KaBooM WritersKaBooM Writers

Welcome to the online presence of KaBooM, a writing group that has sustained the creative lives of a diverse group of women for over a decade. We hope that getting to know us will inspire you, too!Welcome to the online presence of KaBooM, a writing group that has sustained the creative lives of a diverse group of women for over a decade. We hope that getting to know us will inspire you, too!

Welcome to the online presence of KaBooM, a writing group that has sustained the creative lives of a diverse group of women for over a decade. We hope that getting to know us will inspire you, too!


The KaBooM Writers Notebook: Our Blog

Handling Poetry

Poetry anthology illustration

Years ago when I worked for a boss who distributed poems at staff meetings, I started the habit of sticking my favorites into a loose-leaf binder. That binder became my own camera-ready anthology: poems at my fingertips to be shared with classes and recombined into packets for specific teaching purposes.

As life filled, the binder filled, filled to overflowing. When I retired, I crammed it in a box and carried it home to worry about another day.

That other day arrived this winter. Record snowfalls, cold, and ice canceled meetings, closed gyms, and kept me close to home.

Organizing the binder looked like a doable project: order a few poems by author’s last name and recycle extra copies.

Easy.

As I entered Day Three of the project, I was reminded that few tasks of this kind end up being straightforward. I first deviated from the path of start-to-finish when I found myself tallying which poet had written the greatest number of poems I prized. (Mary Oliver, Sharon Olds, Jane Kenyon, and Wislawa Szymborska were the winners.)

Next I made a pencil notation on any poems whose source I could recall, creating a provenance of poetry appreciation.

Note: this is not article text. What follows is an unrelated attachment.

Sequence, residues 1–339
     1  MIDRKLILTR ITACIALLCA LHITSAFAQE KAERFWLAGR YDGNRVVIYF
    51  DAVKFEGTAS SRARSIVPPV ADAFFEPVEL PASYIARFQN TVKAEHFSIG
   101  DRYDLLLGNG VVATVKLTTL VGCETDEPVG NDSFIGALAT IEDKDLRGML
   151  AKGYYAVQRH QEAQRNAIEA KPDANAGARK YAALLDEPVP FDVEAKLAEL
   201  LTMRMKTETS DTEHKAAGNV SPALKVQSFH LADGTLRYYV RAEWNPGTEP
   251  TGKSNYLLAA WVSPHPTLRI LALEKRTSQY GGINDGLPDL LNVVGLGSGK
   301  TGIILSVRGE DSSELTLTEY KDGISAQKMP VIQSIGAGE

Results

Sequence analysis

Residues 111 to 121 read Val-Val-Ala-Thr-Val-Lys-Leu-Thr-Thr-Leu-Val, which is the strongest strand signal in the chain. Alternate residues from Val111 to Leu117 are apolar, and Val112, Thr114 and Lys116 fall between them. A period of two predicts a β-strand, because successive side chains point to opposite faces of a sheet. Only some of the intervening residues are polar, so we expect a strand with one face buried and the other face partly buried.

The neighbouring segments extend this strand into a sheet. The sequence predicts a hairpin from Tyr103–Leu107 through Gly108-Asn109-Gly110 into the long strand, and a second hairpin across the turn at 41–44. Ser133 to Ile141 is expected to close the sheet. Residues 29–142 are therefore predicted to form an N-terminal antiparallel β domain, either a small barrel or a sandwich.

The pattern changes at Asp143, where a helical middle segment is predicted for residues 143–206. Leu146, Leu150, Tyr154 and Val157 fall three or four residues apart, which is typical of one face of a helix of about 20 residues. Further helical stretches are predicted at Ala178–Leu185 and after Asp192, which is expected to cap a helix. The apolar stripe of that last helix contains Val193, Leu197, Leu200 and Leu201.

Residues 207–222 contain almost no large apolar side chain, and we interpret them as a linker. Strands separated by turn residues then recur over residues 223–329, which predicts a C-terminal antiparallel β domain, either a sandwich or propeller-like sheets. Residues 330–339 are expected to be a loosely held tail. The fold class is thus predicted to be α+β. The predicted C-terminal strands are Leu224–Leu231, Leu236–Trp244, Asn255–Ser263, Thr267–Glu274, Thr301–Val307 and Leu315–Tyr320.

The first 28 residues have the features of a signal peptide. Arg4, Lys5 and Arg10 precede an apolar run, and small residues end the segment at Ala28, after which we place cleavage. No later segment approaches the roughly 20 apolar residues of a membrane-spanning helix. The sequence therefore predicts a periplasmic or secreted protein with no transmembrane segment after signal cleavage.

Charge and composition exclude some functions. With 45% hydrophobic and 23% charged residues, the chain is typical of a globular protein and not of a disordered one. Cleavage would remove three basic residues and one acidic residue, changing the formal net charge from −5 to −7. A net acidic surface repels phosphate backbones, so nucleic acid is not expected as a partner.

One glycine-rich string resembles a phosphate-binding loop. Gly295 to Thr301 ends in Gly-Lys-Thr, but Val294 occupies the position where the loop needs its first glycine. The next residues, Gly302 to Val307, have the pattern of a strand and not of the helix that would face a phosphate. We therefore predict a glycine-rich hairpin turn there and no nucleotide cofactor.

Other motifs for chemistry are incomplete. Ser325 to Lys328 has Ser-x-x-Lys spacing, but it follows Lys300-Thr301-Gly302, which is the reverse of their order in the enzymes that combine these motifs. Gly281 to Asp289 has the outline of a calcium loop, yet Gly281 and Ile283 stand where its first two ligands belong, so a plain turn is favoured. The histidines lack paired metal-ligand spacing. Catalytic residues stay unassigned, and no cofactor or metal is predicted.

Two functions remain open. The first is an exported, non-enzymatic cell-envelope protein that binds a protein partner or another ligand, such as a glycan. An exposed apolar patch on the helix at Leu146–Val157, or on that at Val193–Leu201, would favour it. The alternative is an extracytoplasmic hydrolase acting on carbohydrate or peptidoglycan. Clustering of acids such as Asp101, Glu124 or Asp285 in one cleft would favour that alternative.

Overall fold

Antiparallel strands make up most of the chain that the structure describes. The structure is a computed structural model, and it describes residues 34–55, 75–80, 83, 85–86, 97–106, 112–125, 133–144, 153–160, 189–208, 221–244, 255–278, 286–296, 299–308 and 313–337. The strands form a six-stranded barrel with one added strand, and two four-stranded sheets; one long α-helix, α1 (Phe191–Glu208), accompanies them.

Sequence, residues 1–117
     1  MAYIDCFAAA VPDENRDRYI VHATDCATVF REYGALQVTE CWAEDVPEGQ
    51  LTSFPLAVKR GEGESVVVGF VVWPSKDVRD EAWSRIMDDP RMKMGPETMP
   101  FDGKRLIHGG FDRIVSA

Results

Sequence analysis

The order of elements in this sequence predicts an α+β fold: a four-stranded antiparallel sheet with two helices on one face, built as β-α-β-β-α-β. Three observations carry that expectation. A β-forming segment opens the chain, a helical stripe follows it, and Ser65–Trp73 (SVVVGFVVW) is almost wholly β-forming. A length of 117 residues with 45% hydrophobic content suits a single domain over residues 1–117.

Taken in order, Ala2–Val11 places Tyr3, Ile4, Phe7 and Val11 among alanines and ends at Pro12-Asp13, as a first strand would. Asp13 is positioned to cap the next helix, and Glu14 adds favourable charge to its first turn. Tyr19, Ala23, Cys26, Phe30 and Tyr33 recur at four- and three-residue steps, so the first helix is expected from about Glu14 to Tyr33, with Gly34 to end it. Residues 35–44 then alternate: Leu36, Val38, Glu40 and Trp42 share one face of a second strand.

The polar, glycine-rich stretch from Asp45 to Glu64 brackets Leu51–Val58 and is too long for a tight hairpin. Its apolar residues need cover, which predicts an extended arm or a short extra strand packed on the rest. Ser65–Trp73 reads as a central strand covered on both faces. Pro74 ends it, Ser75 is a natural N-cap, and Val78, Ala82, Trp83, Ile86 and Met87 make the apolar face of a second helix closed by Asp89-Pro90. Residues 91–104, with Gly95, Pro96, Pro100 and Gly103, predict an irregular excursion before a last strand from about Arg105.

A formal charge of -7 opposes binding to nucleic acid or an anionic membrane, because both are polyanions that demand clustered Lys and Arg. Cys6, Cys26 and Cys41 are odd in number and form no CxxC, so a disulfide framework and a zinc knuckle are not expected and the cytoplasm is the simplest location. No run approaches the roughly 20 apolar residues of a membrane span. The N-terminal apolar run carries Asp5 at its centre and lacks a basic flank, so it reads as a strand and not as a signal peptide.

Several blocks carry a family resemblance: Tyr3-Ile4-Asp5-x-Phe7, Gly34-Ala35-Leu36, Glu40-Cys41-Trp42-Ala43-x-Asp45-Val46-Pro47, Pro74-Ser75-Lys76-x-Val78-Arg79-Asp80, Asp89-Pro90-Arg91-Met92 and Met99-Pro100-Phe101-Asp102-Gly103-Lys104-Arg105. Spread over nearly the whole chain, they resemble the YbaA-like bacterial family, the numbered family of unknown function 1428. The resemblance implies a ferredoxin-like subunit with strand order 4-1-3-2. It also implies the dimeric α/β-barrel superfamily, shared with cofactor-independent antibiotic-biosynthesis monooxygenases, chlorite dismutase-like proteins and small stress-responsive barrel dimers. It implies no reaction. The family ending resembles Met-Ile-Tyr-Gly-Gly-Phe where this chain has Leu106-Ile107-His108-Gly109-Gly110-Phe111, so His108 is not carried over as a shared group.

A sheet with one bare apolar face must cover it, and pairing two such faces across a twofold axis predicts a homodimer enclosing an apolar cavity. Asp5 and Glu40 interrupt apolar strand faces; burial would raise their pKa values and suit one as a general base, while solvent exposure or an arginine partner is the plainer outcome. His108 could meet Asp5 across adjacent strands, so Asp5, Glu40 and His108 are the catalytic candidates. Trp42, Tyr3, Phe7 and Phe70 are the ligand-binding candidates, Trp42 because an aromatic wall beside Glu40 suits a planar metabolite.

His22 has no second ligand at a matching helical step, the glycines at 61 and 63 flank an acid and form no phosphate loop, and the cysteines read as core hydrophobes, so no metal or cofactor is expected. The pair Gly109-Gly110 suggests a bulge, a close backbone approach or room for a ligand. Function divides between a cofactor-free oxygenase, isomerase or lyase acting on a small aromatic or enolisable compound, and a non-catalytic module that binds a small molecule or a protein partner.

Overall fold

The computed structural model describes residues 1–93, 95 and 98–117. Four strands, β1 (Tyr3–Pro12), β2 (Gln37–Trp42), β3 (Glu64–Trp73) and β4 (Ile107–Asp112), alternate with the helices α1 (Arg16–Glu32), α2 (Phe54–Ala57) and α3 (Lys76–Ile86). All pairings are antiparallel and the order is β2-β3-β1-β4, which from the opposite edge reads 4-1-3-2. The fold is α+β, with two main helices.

The individual poems soon came to life for me. Their physical appearances are so dissimilar. Some poems came by way of book release announcement, straight from a local letterpress, printed on high quality paper. Others are photocopies (some few perhaps photocopies of ancient purple dittos). Some poems are printed on paper with festive borders or in seasonal typefaces so hard to read that the giver translated the poem on the flip side in plain old Times New Roman. A very few are handcopied. Even the poems printed on turquoise cardstock have their advantages. Too dark to read, in the binder they are easy to spot.

And of course, I read and reread. I saw that themes converged (themes of joy and loss, reminders to value a closely-named present, seasonal markings), I remembered when I first heard a particular poem read aloud, I appreciated anew poems written by friends and students, amateurs and professionals, and that poem-distributing boss, who taught so many of us to love language on a page with wide margins.

Most importantly, the exercise reminded me that I have written poetry. There, among the I’s, are copies of my work. I remember the genesis of each creation, I relive the struggle to make each poem the best possible, I replay the rare occasions when I took a poem out in public and shared it with an audience. I find images and lines that please me still: a poem about choosing a china pattern written as a toast for my daughter’s wedding, a simile in which I compare another of my efforts to a tomato with blossom-end rot.

Handling words in this way strikes me as a useful prelude to writing (emphasis on “hand”) as opposed to reading, which permits an extra layer of separation from the text.

Nonetheless, I must bring this project to a stop, stop this wonderfully fertile “composting” as one friend calls it and go back to nurturing my own frail seedling words that have languished in the chill of this unseasonable winter.

Or in the words of a villanelle I forgot I wrote back in 1976:

Winter is sometimes fine for talking,

shoring against crack of spring.

Then comes a feeling in the blood for acting.